Corpuz said leaders like Aquino are only good at lying. He said its claim of whatever success in land reform is also clearly a lie, as their bloody history in the hacienda attests to. He vowed that peasants in the hacienda won’t stop with their protests against new bogus land reform “until the liar steps down.”

Putting an end to the illusion

George San Mateo of drivers’ group Piston said in Mendiola that “if there were still people from Aquino’s camp who proclaim his being “hulog ng langit” (gift from heaven) despite his being an out and out pork barrel king, disaster president, Commandeath-in-chief, etc., these people are deluded.”

He echoed what other leaders of progressive groups have been saying, that Aquino should no longer be allowed to remain in his post. “The longer he remains there, the longer would our natural resources be plundered, our working people put at risk, our tillers denied of their land, our people denied of affordable utilities and social services.”

San Mateo warned that if Aquino were not ousted from his post, “whoever he would anoint will surely continue his destructive policies of liberalization and deregulation.”

Teddy Casiño, spokesman of Bagong Alyansang Makabayan, reiterated the historical significance of Labor Day, and the historical role of the working class to free all oppressed and exploited classes. He said this is why groups that recognize this historic role of the working class are always opposing whoever is leading the Philippine government, from the Marcos dictatorship to the succeeding administrations.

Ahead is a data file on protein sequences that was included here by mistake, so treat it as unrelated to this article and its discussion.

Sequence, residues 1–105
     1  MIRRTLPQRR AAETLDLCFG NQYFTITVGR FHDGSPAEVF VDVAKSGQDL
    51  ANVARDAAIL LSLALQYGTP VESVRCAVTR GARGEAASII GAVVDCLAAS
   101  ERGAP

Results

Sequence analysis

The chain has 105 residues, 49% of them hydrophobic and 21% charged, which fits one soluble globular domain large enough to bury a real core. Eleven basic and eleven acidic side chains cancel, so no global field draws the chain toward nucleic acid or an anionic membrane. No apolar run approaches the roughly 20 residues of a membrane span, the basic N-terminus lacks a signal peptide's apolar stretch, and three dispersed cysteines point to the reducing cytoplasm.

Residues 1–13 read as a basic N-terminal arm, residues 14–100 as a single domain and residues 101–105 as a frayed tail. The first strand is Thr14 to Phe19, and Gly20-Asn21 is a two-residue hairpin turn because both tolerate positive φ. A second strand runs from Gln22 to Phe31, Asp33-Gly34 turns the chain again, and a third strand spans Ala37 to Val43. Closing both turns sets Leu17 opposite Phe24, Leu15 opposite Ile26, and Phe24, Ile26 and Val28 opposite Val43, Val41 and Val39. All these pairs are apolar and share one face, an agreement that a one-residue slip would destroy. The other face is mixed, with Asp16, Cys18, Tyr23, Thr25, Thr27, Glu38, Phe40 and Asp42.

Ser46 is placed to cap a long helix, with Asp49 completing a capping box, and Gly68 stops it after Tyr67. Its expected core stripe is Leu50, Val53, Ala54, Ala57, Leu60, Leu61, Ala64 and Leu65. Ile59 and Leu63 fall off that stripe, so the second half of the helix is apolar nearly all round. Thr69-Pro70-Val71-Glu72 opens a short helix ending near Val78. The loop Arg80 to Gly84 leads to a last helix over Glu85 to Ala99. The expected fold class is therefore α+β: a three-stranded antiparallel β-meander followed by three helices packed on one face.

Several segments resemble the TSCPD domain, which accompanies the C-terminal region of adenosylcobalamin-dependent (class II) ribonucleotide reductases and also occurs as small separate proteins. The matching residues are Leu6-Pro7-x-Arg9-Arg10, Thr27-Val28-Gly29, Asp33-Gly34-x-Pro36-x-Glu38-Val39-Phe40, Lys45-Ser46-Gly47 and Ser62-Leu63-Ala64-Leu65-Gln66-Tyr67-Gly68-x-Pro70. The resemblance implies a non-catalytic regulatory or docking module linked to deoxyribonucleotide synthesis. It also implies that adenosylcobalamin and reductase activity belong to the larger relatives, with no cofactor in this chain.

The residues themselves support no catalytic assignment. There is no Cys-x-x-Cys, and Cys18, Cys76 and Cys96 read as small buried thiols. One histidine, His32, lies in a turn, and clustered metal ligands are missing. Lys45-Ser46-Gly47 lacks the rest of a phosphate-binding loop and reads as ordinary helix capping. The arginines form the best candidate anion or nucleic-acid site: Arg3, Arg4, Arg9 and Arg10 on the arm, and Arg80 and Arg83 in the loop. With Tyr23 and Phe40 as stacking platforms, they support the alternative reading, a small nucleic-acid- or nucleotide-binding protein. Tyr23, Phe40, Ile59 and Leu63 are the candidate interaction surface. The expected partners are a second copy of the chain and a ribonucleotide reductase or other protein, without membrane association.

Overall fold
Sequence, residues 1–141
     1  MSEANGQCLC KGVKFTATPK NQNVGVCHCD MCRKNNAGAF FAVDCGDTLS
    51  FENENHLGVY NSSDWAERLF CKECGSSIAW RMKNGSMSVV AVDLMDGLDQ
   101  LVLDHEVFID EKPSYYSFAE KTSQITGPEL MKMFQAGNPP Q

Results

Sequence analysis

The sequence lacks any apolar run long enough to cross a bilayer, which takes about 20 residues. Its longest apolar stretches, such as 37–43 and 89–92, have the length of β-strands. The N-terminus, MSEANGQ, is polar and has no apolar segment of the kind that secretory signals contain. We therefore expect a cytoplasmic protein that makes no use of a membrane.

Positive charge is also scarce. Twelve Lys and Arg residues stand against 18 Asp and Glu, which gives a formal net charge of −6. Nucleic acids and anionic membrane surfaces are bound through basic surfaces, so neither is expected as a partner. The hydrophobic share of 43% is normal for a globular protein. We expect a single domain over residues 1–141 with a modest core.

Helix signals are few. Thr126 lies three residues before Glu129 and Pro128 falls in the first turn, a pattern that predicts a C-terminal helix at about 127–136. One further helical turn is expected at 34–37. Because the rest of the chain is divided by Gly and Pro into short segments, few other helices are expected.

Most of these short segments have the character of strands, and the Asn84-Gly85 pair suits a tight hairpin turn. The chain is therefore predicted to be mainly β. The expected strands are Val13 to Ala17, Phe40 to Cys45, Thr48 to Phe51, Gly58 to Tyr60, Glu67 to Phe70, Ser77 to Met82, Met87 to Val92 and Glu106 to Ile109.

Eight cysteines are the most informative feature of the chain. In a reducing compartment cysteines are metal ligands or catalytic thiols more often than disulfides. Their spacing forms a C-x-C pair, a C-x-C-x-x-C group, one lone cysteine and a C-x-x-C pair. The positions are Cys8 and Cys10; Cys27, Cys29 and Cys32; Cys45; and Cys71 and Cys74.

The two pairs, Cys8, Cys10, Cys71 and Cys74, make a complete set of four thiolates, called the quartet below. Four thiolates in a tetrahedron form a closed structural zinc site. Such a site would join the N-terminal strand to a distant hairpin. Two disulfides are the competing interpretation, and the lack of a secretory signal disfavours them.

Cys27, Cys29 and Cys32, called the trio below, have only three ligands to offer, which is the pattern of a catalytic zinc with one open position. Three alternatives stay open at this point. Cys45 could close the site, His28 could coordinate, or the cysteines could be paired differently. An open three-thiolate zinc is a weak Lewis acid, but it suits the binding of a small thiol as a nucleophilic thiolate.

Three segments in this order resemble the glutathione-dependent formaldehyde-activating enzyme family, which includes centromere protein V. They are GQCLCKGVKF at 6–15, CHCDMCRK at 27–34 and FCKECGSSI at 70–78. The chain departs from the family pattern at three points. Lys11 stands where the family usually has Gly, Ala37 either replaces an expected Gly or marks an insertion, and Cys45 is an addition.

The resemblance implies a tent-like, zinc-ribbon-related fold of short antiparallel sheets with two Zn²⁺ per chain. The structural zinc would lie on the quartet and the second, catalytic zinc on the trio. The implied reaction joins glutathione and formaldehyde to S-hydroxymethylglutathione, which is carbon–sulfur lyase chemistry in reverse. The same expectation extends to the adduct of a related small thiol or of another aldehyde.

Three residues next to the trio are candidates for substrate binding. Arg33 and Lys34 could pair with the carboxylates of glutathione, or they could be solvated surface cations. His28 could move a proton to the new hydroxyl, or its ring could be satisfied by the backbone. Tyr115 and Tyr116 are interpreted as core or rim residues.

“Because these presidents, these administrations, have upheld, supported and sponsored a corrupt system of governance, and maintained this rotten society where only a few families amass wealth and power while the few languish in poverty,” Casiño said in Filipino. He reiterated that under such presidents and governments, wages are pressed down, jobs are hardly created while lands remain concentrated to a few, and local industries are stunted.

“So, if Noynoy says he did not create Veloso’s problems, he is a fool,” Casiño said in Mendiola. “Or he is fooling with us,” he added.